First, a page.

Clayborne v. Tecumseh Department of Corrections et al

Filing 94

MEMORANDUM AND ORDER - that Plaintiff's motion for relief from judgment (Filing No. 93 ) is denied. Ordered by Senior Judge Richard G. Kopf. (Copy mailed to pro se party) (LKO)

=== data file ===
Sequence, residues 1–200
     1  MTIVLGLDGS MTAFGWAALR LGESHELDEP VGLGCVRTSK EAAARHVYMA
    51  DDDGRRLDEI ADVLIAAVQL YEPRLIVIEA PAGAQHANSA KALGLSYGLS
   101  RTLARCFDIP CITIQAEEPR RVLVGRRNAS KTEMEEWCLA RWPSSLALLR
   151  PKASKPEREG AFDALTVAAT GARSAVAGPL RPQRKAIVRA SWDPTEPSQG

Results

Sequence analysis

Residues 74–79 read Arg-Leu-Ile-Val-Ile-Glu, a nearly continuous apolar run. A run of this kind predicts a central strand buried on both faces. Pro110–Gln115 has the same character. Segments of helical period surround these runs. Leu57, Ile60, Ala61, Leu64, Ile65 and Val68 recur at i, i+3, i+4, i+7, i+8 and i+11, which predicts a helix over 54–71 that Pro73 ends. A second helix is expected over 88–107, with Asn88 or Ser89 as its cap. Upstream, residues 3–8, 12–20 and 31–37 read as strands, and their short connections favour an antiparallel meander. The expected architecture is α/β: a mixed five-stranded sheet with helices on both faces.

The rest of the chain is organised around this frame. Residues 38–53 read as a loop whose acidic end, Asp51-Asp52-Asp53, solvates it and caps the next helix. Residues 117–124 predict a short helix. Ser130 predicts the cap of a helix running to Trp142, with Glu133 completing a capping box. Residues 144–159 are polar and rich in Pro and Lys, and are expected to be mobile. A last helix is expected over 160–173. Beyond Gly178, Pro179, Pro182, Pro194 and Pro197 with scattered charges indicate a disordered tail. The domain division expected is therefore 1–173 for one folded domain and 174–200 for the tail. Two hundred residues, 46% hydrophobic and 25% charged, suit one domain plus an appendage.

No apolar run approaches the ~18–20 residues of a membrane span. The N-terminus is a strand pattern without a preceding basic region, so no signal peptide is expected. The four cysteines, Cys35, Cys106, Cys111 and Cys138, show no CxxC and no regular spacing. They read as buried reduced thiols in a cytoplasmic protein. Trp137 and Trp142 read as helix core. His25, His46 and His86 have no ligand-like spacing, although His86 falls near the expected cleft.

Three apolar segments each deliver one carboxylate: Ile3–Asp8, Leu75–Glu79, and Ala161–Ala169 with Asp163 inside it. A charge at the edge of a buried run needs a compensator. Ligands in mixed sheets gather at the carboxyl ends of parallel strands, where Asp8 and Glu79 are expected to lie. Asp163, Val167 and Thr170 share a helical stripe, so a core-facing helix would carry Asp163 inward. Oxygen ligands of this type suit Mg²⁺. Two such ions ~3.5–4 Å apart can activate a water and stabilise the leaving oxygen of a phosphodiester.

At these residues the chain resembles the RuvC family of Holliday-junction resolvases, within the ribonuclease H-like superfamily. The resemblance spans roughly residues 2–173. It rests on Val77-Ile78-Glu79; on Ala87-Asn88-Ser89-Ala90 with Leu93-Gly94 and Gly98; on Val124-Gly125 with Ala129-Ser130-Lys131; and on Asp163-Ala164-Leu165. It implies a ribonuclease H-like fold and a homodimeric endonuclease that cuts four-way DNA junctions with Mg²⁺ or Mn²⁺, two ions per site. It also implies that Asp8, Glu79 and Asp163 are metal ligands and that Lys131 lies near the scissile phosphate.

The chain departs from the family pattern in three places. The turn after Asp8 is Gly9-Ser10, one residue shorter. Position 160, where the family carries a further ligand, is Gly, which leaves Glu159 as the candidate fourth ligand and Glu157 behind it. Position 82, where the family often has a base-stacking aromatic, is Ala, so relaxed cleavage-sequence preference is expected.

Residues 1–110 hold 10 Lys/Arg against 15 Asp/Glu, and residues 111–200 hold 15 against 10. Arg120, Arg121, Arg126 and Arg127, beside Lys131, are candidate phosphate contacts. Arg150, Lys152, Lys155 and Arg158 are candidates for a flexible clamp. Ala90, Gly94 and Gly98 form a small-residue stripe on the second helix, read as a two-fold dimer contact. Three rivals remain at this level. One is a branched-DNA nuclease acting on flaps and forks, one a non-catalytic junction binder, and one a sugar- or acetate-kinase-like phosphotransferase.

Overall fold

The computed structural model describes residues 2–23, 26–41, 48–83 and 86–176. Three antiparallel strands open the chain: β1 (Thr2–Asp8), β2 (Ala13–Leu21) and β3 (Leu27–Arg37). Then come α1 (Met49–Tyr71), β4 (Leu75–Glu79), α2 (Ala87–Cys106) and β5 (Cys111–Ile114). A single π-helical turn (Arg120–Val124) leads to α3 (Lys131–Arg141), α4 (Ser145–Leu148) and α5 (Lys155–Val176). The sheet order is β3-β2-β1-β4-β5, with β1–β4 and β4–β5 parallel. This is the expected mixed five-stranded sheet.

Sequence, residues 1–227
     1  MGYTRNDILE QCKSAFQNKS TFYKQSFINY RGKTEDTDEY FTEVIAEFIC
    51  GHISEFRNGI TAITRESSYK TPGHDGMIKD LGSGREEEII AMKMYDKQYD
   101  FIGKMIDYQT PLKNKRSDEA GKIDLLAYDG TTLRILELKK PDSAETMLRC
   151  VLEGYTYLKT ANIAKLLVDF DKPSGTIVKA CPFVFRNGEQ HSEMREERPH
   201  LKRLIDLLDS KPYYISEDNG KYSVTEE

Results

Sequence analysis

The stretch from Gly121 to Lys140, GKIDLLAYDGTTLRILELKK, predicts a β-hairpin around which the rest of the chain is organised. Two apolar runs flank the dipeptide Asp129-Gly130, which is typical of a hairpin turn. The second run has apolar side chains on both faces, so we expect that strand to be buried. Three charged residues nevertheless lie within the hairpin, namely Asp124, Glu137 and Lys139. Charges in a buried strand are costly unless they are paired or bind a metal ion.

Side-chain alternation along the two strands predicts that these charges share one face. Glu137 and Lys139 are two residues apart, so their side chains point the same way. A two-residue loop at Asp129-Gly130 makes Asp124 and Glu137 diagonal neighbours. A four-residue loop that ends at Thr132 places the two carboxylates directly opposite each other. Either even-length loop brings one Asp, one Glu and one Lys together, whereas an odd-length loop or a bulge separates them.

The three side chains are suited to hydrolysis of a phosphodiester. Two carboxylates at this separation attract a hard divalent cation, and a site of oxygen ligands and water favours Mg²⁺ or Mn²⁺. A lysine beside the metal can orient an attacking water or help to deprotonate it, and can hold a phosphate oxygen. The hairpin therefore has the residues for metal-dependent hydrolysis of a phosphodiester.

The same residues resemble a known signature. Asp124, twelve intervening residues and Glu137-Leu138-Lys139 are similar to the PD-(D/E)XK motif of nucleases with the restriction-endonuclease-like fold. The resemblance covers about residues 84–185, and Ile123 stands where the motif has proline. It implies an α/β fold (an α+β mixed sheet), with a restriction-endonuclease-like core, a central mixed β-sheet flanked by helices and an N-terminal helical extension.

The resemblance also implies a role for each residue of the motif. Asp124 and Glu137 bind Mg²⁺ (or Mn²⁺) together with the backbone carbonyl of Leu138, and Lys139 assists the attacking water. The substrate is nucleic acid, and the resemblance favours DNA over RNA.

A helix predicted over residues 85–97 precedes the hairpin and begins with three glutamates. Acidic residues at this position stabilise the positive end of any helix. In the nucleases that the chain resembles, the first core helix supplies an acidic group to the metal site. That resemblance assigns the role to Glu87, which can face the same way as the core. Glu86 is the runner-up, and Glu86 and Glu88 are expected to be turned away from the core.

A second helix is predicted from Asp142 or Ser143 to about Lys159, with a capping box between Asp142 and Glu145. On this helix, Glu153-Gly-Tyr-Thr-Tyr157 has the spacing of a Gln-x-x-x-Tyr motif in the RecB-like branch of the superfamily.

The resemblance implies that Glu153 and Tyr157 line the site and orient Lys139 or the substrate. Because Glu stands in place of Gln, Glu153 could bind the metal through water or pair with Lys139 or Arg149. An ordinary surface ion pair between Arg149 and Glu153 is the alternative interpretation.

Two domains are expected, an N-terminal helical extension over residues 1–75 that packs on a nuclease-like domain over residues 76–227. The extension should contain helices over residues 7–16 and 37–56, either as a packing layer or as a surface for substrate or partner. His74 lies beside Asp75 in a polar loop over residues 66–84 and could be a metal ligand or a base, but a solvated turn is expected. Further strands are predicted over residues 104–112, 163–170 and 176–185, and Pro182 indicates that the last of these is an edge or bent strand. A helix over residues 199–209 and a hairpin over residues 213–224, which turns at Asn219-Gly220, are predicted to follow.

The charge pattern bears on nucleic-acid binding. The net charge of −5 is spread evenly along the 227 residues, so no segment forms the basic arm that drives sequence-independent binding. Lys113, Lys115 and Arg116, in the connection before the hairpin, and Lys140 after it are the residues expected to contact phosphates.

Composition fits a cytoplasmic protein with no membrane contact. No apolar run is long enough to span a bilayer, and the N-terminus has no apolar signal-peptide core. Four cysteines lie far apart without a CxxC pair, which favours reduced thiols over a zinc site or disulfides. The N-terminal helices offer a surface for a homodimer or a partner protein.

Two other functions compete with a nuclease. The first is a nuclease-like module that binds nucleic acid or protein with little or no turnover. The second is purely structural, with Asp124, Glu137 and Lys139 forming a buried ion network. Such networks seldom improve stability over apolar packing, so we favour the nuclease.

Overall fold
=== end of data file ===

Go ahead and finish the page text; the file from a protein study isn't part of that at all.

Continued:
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IN THE UNITED STATES DISTRICT COURT FOR THE DISTRICT OF NEBRASKA ROBERT EARL CLAYBORNE JR., Plaintiff, v. SCOTT FRAKES, et al., Defendants. ) ) ) ) ) ) ) ) ) 8:15CV198 MEMORANDUM AND ORDER Plaintiff, Robert Earl Clayborne, Jr., an inmate at the Tecumseh State Correctional Institution (“TSCI”), filed this § 1983 action on May 28, 2015, seeking to recover monetary damages from several prison officials for allegedly violating Plaintiff’s Eighth Amendment rights by failing to protect his safety during a prison riot that occurred at TSCI on May 10, 2015 (Filing No. 1). On August 12, 2016, Defendants moved for summary judgment on the basis of qualified immunity (Filing No. 50). The motion was granted by the court in a memorandum and order dated October 27, 2016 (Filing No. 57), and a final judgment dismissing Plaintiff’s action with prejudice was entered that same day (Filing No. 58). Plaintiff appealed to the Eighth Circuit, which affirmed this court’s judgment on November 1, 2017 (Filing Nos. 73, 74). On June 15, 2018, Plaintiff filed two motions in this court: (1) a motion for relief from judgment, pursuant to Rule 60 of the Federal Rules of Civil Procedure (Filing No. 80); and (2) a motion for an evidentiary hearing (Filing No. 79). Plaintiff claimed he had newly discovered evidence which indicated a false affidavit had been submitted in support of Defendants’ motion for summary judgment. Both motions were denied in a memorandum order entered on July 13, 2018 (Filing No. 81). This court determined that Plaintiff’s requests for relief under Rule 60(b)(1), (2), and (3) were untimely, and that he was not entitled to any relief under Rule 60(b)(6) or Rule 60(d)(3). Plaintiff appealed, and the Eighth Circuit summarily affirmed this court’s judgment on November 15, 2018 (Filing No. 92). On December 6, 2018, prior to issuance of a mandate from the Court of Appeals, Plaintiff filed another Rule 60(b) motion (Filing No. 93),1 which is now before this court for determination. The motion will be denied.2 I. SUMMARY OF MOTION Plaintiff claims he has newly discovered evidence in the form of a newspaper article, dated November 30, 2018, which discusses a report prepared by two experts concerning the May 10, 2015 riot at TSCI. Plaintiff alleges the report found the riot was “sparked by several conditions that could have been addressed and corrected,” and “was withheld from the public and the plaintiff and other attorneys trying the Riot Case in Federal & State Courts” (Filing No. 93 at p. 2). II. DISCUSSION Plaintiff specifically seeks relief under subsections (2) and (3) of Rule 60(b). As Plaintiff has previously been told, a Rule 60(b) motion based on reasons stated in 1 Filing No. 93 is designated by Plaintiff as a “Federal rule 60b) motion for new trial.” Plaintiff specifies he is seeking relief “under Rule 60(b) of the FRCP(2)(3)” and he recites the language of Rule 60(b)(2) and (3). (Filing No. 93 at p. 1). The motion concludes with Plaintiff “request[ing] this court to grant his motion, relieve him from the States grant of Summary Judgment on the grounds of fraud, misrepresentation, or misconduct and newly discovered evidence and grant the Plaintiff a new trial.” (Filing No. 93 at pp. 2-3). 2 Eighth Circuit case law “permits the district court to consider a Rule 60(b) motion on the merits and deny it even if an appeal is already pending in [the Court of Appeals], and a separate appeal may thereafter be taken to challenge the denial.” Hunter v. Underwood, 362 F.3d 468, 475 (8th Cir. 2004). -2- these subsections must be made “no more than a year after the entry of the judgment or order or the date of the proceeding.” Fed. R. Civ. P. 60(c)(1). Plaintiff’s motion therefore is untimely, and this court can grant him no relief. Rule 60 provides, in relevant part: (b) Grounds for Relief from a Final Judgment, Order, or Proceeding. On motion and just terms, the court may relieve a party or its legal representative from a final judgment, order, or proceeding for the following reasons: (1) mistake, inadvertence, surprise, or excusable neglect; (2) newly discovered evidence that, with reasonable diligence, could not have been discovered in time to move for a new trial under Rule 59(b); (3) fraud (whether previously called intrinsic or extrinsic), misrepresentation, or misconduct by an opposing party; [or] *** (6) any other reason that justifies relief. (c) Timing and Effect of the Motion. (1) Timing. A motion under Rule 60(b) must be made within a reasonable time—and for reasons (1), (2), and (3) no more than a year after the entry of the judgment or order or the date of the proceeding. *** (d) Other Powers to Grant Relief. This rule does not limit a court’s power to: *** (3) set aside a judgment for fraud on the court. Fed. R. Civ. P. 60. Because the court’s judgment was entered on October 27, 2016, more than one year before Plaintiff filed his Rule 60 motion, no relief is available under subsections (b)(1), (2), and (3). See Fed. R. Civ. P. 60(c)(1). “[T]he one-year limitations period is -3- not tolled during the pendency of an appeal.” Greene v. Gassman, No. 11-CV-0618 PJS/TNL, 2014 WL 1775789, at *1 (D. Minn. May 5, 2014) (citing Nevitt v. United States, 886 F.2d 1187, 1188 (9th Cir.1989) (compiling cases)). Nor can Plaintiff avoid the one-year time limit for motions based on Rule 60(b)(2) by asserting Rule 60(b)(6) as the basis for relief. See United States v. Dakota Cheese, Inc. (In re Matter of a Grand Jury Subpoena Directed to Dakota Cheese, Inc.), 923 F.2d 576, 577 (8th Cir. 1991) (motion based on newly discovered evidence is governed by Rule 60(b)(2) and may not be brought after one year under Rule 60(b)(6)). “The provisions of Rule 60(b) are mutually exclusive, and if the reason offered for relief falls under on[e] of the more specific subsections of Rule 60(b)(1)(5), the reason will not justify relief under the catch-all provision of 60(b)(6).” McPherson v. Frakes, No. 8:15CV162, 2018 WL 671169, at *2 (D. Neb. Jan. 31, 2018) (quoting Fuller v. United States, No. 4:07-CV-34 CAS, 2013 WL 3480303, at *8 (E.D. Mo. July 10, 2013) (citing Liljeberg v. Health Servs. Corp., 486 U.S. 847, 863 n. 11 (1988)). In addition, Rule 60(b) provides for extraordinary relief which may be granted only upon an adequate showing of exceptional circumstances. Jones v. Swanson, 512 F.3d 1045, 1048 (8th Cir.2008). The provisions of Rule 60(b) are grounded in equity and exist to prevent the judgment from becoming a vehicle of injustice. Harley v. Zoesch, 413 F.3d 866, 870 (8th Cir.2005). It is well-established that Rule 60(b)(6) authorizes relief only in the most exceptional of cases. In re Guidant Corp. Implantable Defibrillators Prods. Liab. Litig., 496 F.3d 863, 866 (8th Cir.2007). Relief under the catch-all provision of the rule “is exceedingly rare as relief requires an “‘intrusion into the sanctity of a final judgment.’” Id. at 868 (quoting Watkins v. Lundell, 169 F.3d 540, 544 (8th Cir.1999)). Plaintiff’s allegations regarding the content of the experts’ report, and the withholding of the report, do not show the existence of any exceptional circumstances. -4- Similarly, Plaintiff cannot rely on Rule 60(d)(3) to avoid the one-year time limit for seeking relief under Rule 60(b)(3) for fraud, misrepresentation, or misconduct by an opposing party. The Eighth Circuit has “emphasized that fraud on the court is distinct from mere fraud upon a party.” Superior Seafoods, Inc. v. Tyson Foods, Inc., 620 F.3d 873, 878 (8th Cir. 2010). “Fraud on the court which justifies vacating a judgment is narrowly defined as ‘fraud which is directed to the judicial machinery itself and is not fraud between the parties or fraudulent documents, false statements or perjury.’” United States v. Smiley, 553 F.3d 1137, 1144 (8th Cir.2009) (quoting Bulloch v. United States, 763 F.2d 1115, 1121 (10th Cir.1985)). “Further, relief is only available where it would be ‘manifestly unconscionable’ to allow the judgment to stand.” Superior Seafoods, 620 F.3d at 878 (quoting Griffin v. Fed. Deposit Ins. Corp., 831 F.2d 799, 802 (8th Cir.1987)). The alleged withholding of the experts’ report would not constitute fraud on the court and it would not be manifestly unconscionable to allow the judgment to stand in light of the report. Finally, to the extent Plaintiff may be relying upon Rule 59 of the Federal Rules of Civil Procedure by requesting a new trial, such a request is also untimely. “A motion for a new trial must be filed no later than 28 days after the entry of judgment.” Fed. R. Civ. P. 59(b). Likewise, “[a] motion to alter or amend a judgment must be filed no later than 28 days after the entry of the judgment.” Fed. R. Civ. P. 59(e). III. CONCLUSION The court finds Plaintiff’s motion for relief from judgment under Rule 60(b)(2) and (3) is time-barred, and there are no grounds for granting Plaintiff relief under any other provision of Rule 60. A Rule 59 motion for new trial or motion to alter or amend judgment would also be untimely. Accordingly, -5- IT IS ORDERED that Plaintiff’s motion for relief from judgment (Filing No. 93) is denied.3 DATED this 12th day of December, 2018. BY THE COURT: s/ Richard G. Kopf Senior United States District Judge 3 Plaintiff is hereby notified that the filing of a notice of appeal will make him liable for payment of the full $505.00 appellate filing fee regardless of the outcome of the appeal. This is because the Prison Litigation Reform Act requires an incarcerated civil appellant to pay the full amount of the $505.00 appellate filing fee by making monthly payments to the court, even if he or she is proceeding in forma pauperis. 28 U.S.C. § 1915(b). By filing a notice of appeal, Plaintiff will be consenting to the deduction of the $505.00 filing fee from his prison account by prison officials. -6-